Happiness is still on a decline in America, according to a new study.
The U.N.’s World Happiness Report launched a few days ahead of International Day of Happiness, a U.N. holiday established in 2012 and celebrated around the world on March 20.
Happiness in America has continued to fall over the last several years. Since the U.N.’s first report in 2012, the nation has dropped seven spots on the list and four spots since last year.
To determine the results, researchers examined the answers to a specific question from the 2015-17 Gallup World Poll, a popular survey with about 3,000 respondents from 156 different countries.
Please imagine a ladder with steps numbered from zero at the bottom to 10 at the top. Suppose we say that the top of the ladder represents the best possible life for you, and the bottom of the ladder represents the worst possible life for you. On which step of the ladder would you say you personally feel you stand at this time, assuming that the higher the step the better you feel about your life, and the lower the step the worse you feel about it? Which step comes closest to the way you feel?
The questionnaire also asks respondents to rate their lives on a scale of zero to 10 across six factors: life expectancy, generosity, social support, freedom, corruption and GDP. According to the report, these happiness measures are often used by governments, organizations and civil society to inform their policymaking decisions.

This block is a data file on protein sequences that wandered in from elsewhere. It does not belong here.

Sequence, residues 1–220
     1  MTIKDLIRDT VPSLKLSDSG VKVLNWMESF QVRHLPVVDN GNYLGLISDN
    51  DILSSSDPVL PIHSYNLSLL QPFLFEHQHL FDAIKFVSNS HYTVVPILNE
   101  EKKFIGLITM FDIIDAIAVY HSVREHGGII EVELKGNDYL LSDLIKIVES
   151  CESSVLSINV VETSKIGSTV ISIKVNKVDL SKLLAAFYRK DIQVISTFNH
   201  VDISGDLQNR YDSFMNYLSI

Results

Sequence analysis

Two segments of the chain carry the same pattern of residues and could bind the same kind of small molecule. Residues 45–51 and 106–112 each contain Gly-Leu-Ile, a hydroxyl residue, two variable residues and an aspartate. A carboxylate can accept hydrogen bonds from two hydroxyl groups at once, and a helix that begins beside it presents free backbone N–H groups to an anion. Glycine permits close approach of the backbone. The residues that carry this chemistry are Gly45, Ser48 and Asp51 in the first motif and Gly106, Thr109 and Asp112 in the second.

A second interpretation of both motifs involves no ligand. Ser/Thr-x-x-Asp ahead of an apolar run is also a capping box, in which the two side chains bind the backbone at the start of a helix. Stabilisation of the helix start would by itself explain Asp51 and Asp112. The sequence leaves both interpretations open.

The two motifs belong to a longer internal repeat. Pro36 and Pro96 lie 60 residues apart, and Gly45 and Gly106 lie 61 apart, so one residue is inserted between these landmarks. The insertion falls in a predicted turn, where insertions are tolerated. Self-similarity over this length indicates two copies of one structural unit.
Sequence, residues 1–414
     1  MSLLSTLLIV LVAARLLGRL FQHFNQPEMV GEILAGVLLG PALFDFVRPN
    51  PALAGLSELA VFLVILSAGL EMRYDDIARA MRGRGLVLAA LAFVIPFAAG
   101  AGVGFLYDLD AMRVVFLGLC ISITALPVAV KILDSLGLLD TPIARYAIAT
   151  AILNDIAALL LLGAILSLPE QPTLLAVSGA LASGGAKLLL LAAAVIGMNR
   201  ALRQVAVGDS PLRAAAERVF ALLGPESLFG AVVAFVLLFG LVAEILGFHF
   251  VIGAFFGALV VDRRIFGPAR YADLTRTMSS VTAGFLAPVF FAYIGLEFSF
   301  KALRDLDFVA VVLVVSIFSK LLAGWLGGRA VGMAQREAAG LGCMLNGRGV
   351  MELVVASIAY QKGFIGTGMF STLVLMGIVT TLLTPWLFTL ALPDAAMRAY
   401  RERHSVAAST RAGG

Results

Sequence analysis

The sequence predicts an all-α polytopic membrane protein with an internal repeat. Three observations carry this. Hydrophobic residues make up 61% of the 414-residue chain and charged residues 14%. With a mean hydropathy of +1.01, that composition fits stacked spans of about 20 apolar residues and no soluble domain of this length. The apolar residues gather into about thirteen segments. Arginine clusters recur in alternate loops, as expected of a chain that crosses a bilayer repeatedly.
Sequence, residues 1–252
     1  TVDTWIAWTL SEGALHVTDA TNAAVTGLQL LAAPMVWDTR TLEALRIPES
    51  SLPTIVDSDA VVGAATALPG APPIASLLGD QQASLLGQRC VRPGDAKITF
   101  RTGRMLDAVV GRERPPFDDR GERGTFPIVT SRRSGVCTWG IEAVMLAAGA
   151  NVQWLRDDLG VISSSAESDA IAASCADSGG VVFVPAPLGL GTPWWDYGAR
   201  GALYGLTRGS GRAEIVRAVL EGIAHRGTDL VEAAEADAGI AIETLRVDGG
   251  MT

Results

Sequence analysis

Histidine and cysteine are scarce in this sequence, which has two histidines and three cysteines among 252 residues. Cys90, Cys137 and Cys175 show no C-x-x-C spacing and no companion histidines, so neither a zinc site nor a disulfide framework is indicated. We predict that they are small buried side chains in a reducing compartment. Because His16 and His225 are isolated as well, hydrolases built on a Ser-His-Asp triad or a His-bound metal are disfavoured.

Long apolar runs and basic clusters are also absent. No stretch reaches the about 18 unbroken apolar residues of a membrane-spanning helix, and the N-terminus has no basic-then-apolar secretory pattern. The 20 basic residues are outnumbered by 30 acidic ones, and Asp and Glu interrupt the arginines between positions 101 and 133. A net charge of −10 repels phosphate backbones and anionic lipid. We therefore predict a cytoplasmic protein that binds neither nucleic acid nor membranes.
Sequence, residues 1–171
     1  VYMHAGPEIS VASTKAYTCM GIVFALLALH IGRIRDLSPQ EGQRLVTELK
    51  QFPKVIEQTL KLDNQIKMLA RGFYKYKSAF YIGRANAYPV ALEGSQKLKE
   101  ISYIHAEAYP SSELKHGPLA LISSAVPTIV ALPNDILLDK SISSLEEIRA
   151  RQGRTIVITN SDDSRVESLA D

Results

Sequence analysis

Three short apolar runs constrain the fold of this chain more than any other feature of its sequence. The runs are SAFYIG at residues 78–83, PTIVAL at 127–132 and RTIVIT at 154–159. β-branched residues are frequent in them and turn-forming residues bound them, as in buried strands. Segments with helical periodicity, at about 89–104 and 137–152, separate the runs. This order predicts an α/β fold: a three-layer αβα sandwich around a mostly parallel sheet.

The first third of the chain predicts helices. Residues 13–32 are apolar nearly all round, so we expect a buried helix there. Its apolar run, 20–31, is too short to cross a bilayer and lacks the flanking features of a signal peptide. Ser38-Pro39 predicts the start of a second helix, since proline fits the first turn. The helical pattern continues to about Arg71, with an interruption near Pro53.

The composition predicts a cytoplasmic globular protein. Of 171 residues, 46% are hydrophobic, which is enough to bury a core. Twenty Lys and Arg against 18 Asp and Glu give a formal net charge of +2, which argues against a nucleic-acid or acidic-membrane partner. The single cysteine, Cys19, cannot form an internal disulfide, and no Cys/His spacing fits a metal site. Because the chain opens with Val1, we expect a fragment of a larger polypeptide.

So, what is the happiest country in the world? It’s Finland, according to the poll. It had an average score of 7.632.
The least happy on the list is Burundi, which scored an average happiness score of 2.905.
This year, the United States was No. 18 with an average happiness score of 6.886.
Analysts noted the Easterlin Paradox, which implies there is no link between economic development and overall happiness, might have been a factor in America’s results.
“Indeed, while America’s income per capita has increased markedly during the past half century, several of the determinants of well-being have been in decline,” the authors wrote. “Social support networks in the U.S. have weakened over time; perceptions of corruption in government and business have risen over time; and confidence in public institutions has waned.”
The researchers said America has the means to address public health crises and the declining well-being, but the solution will be the “sum of individual and community based efforts.”
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